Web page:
EXPLORING THE WORD  



As the Deer Pants for Water


By William Stewart





As the deer pants for streams of water, so my soul pants for you, O God
Psalm 42:1 (NIV)

Like all great teachers, we see the Sons of Korah begin with a metaphor, a parable, like the master teacher, Jesus, used to present spiritual truths.

There is only one other place in the Bible that has a similar thought, when the prophet Joel prophesied the future day of the Lord: "Even the wild animals pant for you; the streams of water have dried up and fire has devoured the open pastures" (Joel 1:20). In both instances, it describes how the animals look to the Lord to supply their needs in time of trouble, and how we should look to Him for our spiritual (soul) needs, as David did in Psalms 143:6: "I spread out my hands to you; my soul thirsts for you like a parched land."

The title of this Psalm 42 is found just above verse 1: "For the director of music. A maskil of the Sons of Korah." "Maskil" is from the Hebrew maskiyl, meaning an instructive poem or song. The Sons of Korah were priests assigned by King David to keep the doors of the house of the Lord and who were also musicians (1 Chronicles 9:19, 33). They have eleven Psalms that bear their names. Often, as in this Psalm, they wrote concerning their previous days and giving hope for the future especially during the bondage under the nation of Babylon.
"As the deer pants for water" — so our soul longs to be satisfied by God. tweet
Note this in Psalm 42:3-4: "...men say to me all day long, 'Where is your God?' These things I remember as I pour out my soul: how I used to go with the multitude, leading the procession to the house of God, with shouts of joy and thanksgiving among the festive throng."

They encouraged Israel to sing in Psalm 42:5 "Why are you downcast, O my soul? Why so disturbed within me? Put your hope in God, for I will yet praise him, my Savior and 6 my God." Then ending this song with the same chorus in verse 11.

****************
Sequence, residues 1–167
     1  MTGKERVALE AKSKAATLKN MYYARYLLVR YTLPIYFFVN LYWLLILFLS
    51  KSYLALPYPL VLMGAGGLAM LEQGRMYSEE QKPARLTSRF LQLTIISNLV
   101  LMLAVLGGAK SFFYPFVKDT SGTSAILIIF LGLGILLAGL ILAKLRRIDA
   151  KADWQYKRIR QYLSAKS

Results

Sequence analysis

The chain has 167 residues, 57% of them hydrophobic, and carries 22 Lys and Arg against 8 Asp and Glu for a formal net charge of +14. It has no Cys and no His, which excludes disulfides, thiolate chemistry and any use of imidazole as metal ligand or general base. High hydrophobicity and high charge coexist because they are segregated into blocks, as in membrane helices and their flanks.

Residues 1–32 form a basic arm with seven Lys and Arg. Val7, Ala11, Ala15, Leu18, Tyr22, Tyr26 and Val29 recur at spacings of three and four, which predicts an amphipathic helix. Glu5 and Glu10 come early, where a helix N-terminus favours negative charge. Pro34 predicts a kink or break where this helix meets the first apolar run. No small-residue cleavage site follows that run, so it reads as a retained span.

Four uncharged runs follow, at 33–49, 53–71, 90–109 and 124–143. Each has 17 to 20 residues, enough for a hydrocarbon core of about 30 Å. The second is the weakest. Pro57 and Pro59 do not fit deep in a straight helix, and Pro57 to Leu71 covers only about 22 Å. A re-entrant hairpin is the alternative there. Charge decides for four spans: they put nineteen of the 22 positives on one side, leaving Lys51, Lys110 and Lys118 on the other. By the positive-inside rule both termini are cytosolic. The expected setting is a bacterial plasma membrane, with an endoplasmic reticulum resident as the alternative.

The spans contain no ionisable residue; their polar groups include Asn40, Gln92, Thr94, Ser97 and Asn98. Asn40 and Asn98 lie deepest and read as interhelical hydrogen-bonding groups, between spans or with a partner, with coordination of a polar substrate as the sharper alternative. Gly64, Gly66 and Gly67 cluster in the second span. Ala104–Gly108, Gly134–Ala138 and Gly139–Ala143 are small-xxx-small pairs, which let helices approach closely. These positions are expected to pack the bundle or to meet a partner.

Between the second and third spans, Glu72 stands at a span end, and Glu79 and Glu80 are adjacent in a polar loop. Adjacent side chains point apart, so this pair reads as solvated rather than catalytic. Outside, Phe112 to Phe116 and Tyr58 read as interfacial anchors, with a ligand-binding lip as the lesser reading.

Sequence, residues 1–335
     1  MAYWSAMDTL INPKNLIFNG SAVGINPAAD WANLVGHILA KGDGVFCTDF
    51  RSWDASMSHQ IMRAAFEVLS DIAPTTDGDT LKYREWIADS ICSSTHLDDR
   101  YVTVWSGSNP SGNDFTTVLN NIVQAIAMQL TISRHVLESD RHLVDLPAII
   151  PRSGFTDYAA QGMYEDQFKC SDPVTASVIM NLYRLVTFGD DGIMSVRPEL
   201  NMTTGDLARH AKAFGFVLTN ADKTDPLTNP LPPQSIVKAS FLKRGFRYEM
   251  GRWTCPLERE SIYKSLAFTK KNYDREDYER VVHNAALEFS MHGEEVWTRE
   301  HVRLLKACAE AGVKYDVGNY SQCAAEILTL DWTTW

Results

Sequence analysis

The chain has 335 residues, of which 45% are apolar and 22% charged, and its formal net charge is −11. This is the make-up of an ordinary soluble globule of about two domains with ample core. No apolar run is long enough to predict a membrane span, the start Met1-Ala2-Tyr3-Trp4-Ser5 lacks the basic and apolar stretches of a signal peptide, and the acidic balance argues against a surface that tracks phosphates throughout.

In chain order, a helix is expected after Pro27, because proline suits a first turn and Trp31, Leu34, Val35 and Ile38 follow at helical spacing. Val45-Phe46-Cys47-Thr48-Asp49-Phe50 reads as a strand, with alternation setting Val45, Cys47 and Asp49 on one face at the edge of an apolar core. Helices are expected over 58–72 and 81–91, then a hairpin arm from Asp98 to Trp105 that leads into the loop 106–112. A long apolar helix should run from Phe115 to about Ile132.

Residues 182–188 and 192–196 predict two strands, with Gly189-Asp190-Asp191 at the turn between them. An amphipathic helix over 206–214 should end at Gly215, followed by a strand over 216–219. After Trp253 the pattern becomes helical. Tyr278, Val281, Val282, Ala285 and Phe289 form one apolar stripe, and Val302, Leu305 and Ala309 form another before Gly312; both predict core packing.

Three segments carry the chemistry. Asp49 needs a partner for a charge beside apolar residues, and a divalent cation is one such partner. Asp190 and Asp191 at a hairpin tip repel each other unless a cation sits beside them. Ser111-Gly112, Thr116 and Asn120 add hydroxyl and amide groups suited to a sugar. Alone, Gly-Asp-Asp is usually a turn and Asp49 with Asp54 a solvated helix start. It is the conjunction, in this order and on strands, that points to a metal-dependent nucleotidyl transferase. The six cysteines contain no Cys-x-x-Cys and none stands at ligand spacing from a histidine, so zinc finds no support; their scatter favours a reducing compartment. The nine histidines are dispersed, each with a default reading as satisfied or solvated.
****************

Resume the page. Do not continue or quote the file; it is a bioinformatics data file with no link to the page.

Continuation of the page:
Many have expressed the human soul as having a void, an emptiness, that only our Creator and Savior can fill. Jesus called this filling being born again. The Greek words here means "born from above." It is an eternal life that has been provided only through the good news of the substitutionary death, burial, and resurrection of Jesus, the Son of God (1 Corinthians 15:1-3).

When some of Jesus' disciples went away from Him, he said to those remaining, "'You do not want to leave too, do you?' Jesus asked the Twelve. Simon Peter answered him, 'Lord, to whom shall we go? You have the words of eternal life. We believe and know that you are the Holy One of God'" (John 6:67-69).

This spiritual treasure of eternal life is offered to all who believe in Him and call on His name as did the tax collector in Jesus' story in Luke 18:13-14: "'But the tax collector stood at a distance. He would not even look up to heaven, but beat his breast and said, "God, have mercy on me, a sinner." I tell you that this man, rather than the other, went home justified before God'" (see also John 3:16; Acts 16:31; Romans 10:13; I John 5:11-13).

If you have not had your soul's thirst to know where you will spend eternity satisfied, then call upon His name today and be filled with the everlasting water of life. We read the final invitation of salvation in Revelation 22:17: "The Spirit and the bride say, 'Come!' And let him who hears say, 'Come!' Whoever is thirsty, let him come; and whoever wishes, let him take the free gift of the water of life."



Image Credit: David Samson; "Evening Drink"; Creative Commons



TagsBiblical-Salvation  |  Biblical-Truth  |  Jesus-Christ



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Published 7-10-17